20 Must-Have Skills to Put On a CV

Add these must-have skills for CV and show recruiters you have the ability to succeed in the role you’re applying for.



Skills for CV

If you want to get job interviews, you need to ensure your CV is packed with relevant skills employers look for. Skills demonstrate to recruiters and employers that you are capable of performing well with your skills set and that you are knowledgeable in your field.

Your CV skills section, alongside your work experience, can set you apart from the competition and help you land the job you want. Also, if a hiring panel does decide to offer you the position, the compensation figure they choose can often be influenced by the skills you include in your job application.

This article will show you 20 skills that companies look for in candidates, as well as how to include them on your CV.

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Hard skills vs. Soft skills

Employers look for candidates with the right balance of soft and hard skills.

Hard skills are abilities that are specialised in a certain job or industry. Typically, these more technical skills are learned in school, certification programmes, training materials, or on-the-job experience, such as foreign languages or equipment knowledge.

Soft skills, on the other hand, are capabilities that can be beneficial in a range of careers and industries. Soft skills are often referred to as people skills or social skills and include communication and problem-solving abilities.

To present yourself as a well-rounded candidate, it’s critical to highlight your best hard and soft skills as a job seeker. It’s also a good idea to think about how the two types of skills relate to each other, so you can talk about your skills holistically in an interview and show how you’ll excel in the role.

10 CV skills examples for every situation

Here are 10 good skills for CV you might want to list on your CV, as well as why they’re important to employers:

  • Communication:

    Verbal, writing, and presentation abilities are vital for getting along with colleagues, working efficiently, and solving problems in all jobs and industries. Communication skills are vital for any position.

  • Empathy:

    If you want to effectively communicate with co-workers, bosses, direct reports, customers, and clients, you must first understand their emotions. The capacity to put yourself in someone else’s shoes is a crucial trait for many job roles.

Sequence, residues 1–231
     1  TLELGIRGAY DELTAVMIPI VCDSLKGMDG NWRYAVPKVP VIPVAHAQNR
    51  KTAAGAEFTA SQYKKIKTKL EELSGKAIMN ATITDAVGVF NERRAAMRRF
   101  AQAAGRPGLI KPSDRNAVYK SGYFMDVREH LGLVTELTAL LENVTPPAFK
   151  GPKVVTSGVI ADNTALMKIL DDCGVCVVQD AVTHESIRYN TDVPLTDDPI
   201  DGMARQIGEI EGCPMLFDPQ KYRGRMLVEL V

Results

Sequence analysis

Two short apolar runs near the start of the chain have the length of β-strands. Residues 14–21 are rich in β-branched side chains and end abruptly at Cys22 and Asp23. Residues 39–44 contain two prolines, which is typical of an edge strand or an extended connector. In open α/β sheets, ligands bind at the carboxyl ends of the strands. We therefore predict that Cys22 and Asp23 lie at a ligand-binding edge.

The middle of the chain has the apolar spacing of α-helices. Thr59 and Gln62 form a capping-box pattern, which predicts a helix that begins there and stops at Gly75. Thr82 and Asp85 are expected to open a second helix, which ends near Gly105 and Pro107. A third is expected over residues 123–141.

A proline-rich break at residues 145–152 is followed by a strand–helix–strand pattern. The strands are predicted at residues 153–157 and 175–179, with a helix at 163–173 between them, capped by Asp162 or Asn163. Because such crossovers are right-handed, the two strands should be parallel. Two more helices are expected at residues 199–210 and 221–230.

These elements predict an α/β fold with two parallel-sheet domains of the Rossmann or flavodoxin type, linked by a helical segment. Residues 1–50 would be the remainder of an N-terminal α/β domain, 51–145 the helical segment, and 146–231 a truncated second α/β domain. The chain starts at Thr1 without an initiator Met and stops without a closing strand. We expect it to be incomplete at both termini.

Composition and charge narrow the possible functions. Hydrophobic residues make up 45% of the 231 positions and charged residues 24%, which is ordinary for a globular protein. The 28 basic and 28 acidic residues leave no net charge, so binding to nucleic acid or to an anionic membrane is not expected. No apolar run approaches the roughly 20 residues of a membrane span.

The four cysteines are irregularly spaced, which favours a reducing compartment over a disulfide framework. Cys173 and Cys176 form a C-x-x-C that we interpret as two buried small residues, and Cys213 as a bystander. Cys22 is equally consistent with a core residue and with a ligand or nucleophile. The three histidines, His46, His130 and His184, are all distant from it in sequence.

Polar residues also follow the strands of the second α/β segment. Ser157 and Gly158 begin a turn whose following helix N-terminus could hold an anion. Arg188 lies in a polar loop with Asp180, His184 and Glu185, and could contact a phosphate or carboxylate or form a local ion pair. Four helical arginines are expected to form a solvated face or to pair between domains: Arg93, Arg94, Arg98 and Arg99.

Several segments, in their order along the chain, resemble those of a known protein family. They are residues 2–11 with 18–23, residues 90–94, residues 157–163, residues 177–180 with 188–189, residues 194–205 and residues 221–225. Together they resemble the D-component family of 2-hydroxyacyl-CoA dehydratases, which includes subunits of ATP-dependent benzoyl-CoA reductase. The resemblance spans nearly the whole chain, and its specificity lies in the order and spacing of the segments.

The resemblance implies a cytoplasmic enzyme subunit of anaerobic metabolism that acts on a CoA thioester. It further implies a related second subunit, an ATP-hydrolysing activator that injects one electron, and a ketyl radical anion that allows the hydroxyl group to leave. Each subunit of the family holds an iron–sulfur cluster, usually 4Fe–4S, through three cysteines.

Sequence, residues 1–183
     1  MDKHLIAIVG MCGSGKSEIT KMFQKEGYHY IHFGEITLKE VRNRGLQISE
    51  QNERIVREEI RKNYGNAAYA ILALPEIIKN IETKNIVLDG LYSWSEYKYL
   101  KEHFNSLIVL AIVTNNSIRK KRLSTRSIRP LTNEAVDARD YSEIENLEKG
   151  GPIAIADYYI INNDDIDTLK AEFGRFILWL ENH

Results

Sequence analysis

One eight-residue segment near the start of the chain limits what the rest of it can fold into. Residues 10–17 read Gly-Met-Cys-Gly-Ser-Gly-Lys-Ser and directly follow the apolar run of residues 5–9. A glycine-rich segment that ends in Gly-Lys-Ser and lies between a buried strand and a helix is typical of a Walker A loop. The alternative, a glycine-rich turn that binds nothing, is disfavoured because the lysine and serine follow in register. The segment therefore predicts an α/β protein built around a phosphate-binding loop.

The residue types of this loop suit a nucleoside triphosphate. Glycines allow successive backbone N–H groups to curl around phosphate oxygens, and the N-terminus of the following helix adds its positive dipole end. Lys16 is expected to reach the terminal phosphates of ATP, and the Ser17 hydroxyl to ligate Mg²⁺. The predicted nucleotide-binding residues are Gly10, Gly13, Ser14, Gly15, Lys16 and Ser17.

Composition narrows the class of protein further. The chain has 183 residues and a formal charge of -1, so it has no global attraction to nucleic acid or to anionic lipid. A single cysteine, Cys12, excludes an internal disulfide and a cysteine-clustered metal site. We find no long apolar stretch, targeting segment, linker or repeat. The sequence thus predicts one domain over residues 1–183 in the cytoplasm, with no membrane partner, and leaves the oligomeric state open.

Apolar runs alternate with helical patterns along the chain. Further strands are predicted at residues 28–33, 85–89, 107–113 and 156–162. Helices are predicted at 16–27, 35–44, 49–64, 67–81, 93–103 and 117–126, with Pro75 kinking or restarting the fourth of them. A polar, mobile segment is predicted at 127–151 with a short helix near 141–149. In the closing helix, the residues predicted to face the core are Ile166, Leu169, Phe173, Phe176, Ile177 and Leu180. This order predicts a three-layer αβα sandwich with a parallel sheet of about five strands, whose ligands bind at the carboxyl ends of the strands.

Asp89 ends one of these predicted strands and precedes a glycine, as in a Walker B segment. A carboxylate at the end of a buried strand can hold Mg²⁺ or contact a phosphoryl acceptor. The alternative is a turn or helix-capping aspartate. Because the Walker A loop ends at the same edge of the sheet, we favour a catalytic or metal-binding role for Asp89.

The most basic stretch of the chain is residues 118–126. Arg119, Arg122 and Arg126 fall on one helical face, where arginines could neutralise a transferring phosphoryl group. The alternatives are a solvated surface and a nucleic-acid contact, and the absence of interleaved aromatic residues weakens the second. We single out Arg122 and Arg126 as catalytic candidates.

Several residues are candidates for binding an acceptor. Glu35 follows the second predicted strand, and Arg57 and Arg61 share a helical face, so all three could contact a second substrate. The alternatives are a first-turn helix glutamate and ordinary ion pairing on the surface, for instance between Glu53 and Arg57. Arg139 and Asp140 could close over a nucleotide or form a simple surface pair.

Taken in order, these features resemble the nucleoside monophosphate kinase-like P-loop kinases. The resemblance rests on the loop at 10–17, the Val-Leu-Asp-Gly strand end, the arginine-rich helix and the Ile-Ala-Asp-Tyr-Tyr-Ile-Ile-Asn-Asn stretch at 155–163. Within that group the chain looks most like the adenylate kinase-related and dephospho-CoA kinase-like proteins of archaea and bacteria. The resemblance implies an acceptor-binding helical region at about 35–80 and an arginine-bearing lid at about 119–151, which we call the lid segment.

• Creativity:

    Employers will pay close attention to someone whose CV demonstrates the ability to think creatively, challenge the status quo, and propose unique ideas.

  • Leadership:

    Employers search for people that can inspire and motivate team members, as well as act with honesty, fairness, and a strategic attitude, even if they aren’t hiring for a managerial position.

  • Adaptability:

    Whether you’re a new employee learning the ropes, or a long-time employee adjusting to different corporate goals, you will always face disruption somewhere. Companies seek people that can swiftly adapt to changing situations and are willing to try new activities.

  • Problem-solving:

    The ability to settle disagreements and develop innovative solutions to problems is highly valued by many employers when recruiting new staff.

  • Self-motivation:

    The best employees bring enthusiasm and work independently to achieve their goals, without needing their hands held. On your CV, give examples of when you’ve used self-motivation to solve difficulties and complete tasks.

  • Collaboration:

    Your ability to collaborate with others, both within and across departments, is extremely important, especially if the role you’re applying for requires teamwork.

  • Time management:

    Regardless of the position you’re applying for, time management is a crucial skill to have on your CV. Employers want to know that you can tune out distractions, fulfill deadlines, and make the most of your time at work.

  • Decision-making:

    Choosing to take actions that could significantly impact co-workers and customers, especially while under duress, is a skill valued by many employers.

10 skills examples for specific job industries

Here are 10 types of good skills for CV and skills examples that you could include on your CV:

  • Project management skills:

    Agile methodologies, risk management, strategic planning, budgeting, lifecycle management

  • Marketing skills:

    SEO, PPC, Google Analytics, Google Search Console, Ahrefs, SEMrush, content marketing, copywriting, social media management, content management systems